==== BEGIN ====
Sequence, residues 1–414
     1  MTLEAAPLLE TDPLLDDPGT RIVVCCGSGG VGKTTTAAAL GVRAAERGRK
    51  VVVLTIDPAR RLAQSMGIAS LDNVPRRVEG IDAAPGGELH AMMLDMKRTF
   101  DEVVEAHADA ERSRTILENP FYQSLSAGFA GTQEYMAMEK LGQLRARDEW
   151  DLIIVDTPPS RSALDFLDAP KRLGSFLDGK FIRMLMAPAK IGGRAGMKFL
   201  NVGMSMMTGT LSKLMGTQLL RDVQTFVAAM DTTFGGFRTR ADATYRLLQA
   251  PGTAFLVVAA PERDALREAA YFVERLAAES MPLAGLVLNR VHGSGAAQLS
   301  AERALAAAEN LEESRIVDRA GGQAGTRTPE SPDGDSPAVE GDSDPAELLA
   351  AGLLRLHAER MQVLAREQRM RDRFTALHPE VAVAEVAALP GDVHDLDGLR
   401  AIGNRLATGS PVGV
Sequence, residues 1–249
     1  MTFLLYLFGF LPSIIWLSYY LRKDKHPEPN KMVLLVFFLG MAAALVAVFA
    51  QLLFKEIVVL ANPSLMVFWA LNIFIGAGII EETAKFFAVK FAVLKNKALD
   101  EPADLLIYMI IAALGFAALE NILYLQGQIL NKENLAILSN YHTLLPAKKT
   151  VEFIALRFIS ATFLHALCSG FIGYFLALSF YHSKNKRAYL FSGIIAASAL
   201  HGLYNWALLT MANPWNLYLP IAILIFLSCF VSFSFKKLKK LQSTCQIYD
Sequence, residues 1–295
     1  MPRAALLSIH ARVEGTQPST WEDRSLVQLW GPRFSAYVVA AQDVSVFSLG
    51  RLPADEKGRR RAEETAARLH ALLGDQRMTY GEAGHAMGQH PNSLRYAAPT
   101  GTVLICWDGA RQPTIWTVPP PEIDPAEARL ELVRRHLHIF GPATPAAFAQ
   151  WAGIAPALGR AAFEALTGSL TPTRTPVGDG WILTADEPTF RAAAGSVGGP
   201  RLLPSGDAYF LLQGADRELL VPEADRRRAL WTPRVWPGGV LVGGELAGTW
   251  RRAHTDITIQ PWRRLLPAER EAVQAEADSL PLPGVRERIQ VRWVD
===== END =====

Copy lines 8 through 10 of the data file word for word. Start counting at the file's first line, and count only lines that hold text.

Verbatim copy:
   301  AERALAAAEN LEESRIVDRA GGQAGTRTPE SPDGDSPAVE GDSDPAELLA
   351  AGLLRLHAER MQVLAREQRM RDRFTALHPE VAVAEVAALP GDVHDLDGLR
   401  AIGNRLATGS PVGV